It’s about twenty years since I read Kim Stanley Robinson’s Mars trilogy. Three detail heavy, science rich, political novels about the colonising of Mars. Since then nothing, and now two Mars novel in a week. Pierce Brown’s Red Rising was a grown-up Hunger Games clone set on the red planet. The Martian by Andy Weir is pure Robinson Crusoe.
During a manned mission to Mars something goes wrong and Mark Watney is left behind. His fellow astronauts thought he was dead, but due to a complicated (unlikely) set of circumstances, he survived. Now he’s on his own. It’s not all bad. He has food and equipment meant for six and NASA will lead another mission to Mars, eventually. All he has to do is survive for four years in a habitat designed to work for a month. What could possibly go wrong?
I must confess to being rather late to the Martian party. There are already over 1000 almost all superlative reviews on Amazon, so this review is just another drop in an ocean of praise.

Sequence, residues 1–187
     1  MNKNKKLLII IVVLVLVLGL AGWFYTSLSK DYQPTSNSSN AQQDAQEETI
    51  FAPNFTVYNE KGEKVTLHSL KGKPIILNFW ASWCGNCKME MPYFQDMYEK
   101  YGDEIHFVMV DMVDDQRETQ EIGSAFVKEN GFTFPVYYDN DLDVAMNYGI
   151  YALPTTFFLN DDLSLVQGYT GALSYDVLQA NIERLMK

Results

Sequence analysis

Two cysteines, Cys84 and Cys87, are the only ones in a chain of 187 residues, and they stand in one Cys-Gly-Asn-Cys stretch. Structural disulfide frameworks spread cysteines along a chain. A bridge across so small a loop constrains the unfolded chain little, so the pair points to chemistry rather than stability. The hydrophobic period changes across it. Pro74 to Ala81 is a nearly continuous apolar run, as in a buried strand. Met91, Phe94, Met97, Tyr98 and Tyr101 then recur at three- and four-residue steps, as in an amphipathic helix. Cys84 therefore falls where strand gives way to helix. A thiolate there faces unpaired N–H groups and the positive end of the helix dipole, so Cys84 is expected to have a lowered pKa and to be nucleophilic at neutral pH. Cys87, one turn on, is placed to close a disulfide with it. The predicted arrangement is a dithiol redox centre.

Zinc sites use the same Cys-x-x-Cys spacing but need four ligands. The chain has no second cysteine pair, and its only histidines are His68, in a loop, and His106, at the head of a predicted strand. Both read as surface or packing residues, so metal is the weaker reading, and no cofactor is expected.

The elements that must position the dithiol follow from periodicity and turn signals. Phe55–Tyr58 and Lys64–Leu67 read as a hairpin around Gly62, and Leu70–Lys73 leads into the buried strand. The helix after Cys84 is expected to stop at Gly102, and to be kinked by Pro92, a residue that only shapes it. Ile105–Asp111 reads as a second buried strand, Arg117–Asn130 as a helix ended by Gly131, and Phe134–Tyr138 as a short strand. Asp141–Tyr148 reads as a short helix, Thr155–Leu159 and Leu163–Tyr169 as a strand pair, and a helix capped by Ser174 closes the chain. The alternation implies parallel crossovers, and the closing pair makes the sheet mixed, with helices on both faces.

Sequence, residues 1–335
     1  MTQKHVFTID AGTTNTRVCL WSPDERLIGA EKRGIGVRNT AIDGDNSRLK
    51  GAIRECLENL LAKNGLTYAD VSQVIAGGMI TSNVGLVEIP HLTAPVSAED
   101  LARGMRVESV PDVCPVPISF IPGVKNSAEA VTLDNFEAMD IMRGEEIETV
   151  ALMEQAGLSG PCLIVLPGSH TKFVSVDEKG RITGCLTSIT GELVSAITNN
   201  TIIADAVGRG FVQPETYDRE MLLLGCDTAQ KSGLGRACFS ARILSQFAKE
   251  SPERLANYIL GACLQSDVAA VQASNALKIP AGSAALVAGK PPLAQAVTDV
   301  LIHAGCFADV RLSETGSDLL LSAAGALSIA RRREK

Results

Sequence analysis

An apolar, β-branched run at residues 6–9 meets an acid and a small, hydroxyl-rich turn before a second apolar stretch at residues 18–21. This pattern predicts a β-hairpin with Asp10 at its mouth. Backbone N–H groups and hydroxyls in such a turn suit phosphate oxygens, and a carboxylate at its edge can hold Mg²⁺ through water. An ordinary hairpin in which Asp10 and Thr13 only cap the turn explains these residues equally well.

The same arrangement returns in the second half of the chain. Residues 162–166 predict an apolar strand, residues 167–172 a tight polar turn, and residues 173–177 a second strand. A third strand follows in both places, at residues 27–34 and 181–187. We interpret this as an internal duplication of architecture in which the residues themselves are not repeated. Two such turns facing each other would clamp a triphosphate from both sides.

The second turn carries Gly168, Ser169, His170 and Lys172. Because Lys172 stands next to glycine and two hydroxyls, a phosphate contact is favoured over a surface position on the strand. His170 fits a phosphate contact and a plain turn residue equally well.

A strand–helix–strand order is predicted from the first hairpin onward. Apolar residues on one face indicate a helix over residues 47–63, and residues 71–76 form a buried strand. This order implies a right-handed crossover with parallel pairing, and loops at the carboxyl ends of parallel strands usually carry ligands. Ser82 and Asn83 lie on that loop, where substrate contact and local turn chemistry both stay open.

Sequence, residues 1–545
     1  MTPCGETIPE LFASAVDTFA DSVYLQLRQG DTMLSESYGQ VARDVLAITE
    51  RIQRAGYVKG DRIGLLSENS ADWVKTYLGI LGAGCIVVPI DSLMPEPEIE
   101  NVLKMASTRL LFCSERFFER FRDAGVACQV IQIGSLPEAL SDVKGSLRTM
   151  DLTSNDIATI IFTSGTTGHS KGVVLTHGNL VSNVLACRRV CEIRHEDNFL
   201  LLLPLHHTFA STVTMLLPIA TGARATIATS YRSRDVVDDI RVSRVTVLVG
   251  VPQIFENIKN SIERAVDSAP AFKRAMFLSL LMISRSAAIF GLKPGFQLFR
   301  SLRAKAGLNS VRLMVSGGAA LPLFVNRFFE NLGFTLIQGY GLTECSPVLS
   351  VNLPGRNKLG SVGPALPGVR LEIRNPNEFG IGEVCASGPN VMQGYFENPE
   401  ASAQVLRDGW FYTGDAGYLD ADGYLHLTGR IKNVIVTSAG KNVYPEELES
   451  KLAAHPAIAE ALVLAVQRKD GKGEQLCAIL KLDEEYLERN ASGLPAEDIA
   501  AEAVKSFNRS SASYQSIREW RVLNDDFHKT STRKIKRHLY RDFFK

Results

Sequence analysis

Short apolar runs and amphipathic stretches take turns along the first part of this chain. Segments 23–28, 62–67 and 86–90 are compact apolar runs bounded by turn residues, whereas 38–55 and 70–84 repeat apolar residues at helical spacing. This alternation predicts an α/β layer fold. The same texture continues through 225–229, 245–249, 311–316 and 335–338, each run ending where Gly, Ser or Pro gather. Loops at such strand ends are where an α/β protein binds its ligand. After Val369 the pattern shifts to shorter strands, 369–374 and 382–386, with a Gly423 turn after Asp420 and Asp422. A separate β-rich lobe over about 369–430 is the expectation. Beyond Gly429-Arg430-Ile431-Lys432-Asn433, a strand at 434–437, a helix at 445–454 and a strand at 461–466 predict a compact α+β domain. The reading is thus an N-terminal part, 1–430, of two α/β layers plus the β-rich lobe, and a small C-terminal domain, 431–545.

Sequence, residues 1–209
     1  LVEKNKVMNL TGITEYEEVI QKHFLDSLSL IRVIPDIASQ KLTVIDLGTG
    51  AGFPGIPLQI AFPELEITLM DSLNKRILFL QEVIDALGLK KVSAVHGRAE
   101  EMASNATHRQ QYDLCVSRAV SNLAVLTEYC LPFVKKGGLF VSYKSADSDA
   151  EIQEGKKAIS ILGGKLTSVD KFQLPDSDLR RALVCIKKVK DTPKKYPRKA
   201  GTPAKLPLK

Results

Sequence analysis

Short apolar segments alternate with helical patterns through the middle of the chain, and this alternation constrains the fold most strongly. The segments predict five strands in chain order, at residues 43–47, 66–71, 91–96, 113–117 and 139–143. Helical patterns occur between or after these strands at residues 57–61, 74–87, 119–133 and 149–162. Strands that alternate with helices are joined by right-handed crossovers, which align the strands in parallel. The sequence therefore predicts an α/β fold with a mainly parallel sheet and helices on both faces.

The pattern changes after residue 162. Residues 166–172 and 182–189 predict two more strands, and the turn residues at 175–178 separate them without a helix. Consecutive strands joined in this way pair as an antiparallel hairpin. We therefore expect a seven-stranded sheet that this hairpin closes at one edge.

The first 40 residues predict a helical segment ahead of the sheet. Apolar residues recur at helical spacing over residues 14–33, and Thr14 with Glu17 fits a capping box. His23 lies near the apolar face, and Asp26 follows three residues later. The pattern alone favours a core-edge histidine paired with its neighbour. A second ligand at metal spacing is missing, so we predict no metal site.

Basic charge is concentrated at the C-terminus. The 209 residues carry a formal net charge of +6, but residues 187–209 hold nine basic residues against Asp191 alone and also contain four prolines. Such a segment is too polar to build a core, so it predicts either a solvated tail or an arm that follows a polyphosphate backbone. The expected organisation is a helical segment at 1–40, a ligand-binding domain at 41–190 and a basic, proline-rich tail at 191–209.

A lot of this book is about the science. It is, in the truest sense of the word, science fiction. If you didn’t enjoy physics and chemistry at school, you might struggle with The Martian as it is detail heavy on chemistry, botany, electronics, astrophysics and much more besides. But there is a very human element to the novel too. There has to be or it wouldn’t work.
The novel essentially breaks down into a set of challenges that Watney has to solve. Andy Weir’s depth of knowledge and research is staggering. Not only can he write convincingly about the technology and processes required to support life on Mars, he details how they may fail and be repaired, or reverse engineered to be used to maintain life in an entirely different way. Beyond that there is a rich vein of humour running through the book. This lightens the potential science overload and makes Watney an intensely likeable character. You absolutely want him to survive this. Well I did anyway. By the end of the book I was quite emotional.
To say more would give stuff away that is best left to the author to reveal. I was slow to pick the Martian up, but I’m so glad I did. It’s an almost perfect piece of tense science fiction. Lo-octane thrills, but utterly breathtaking. It’s a masterclass in storytelling.
Many thanks to the team at Del Ray for sending me a copy of this book.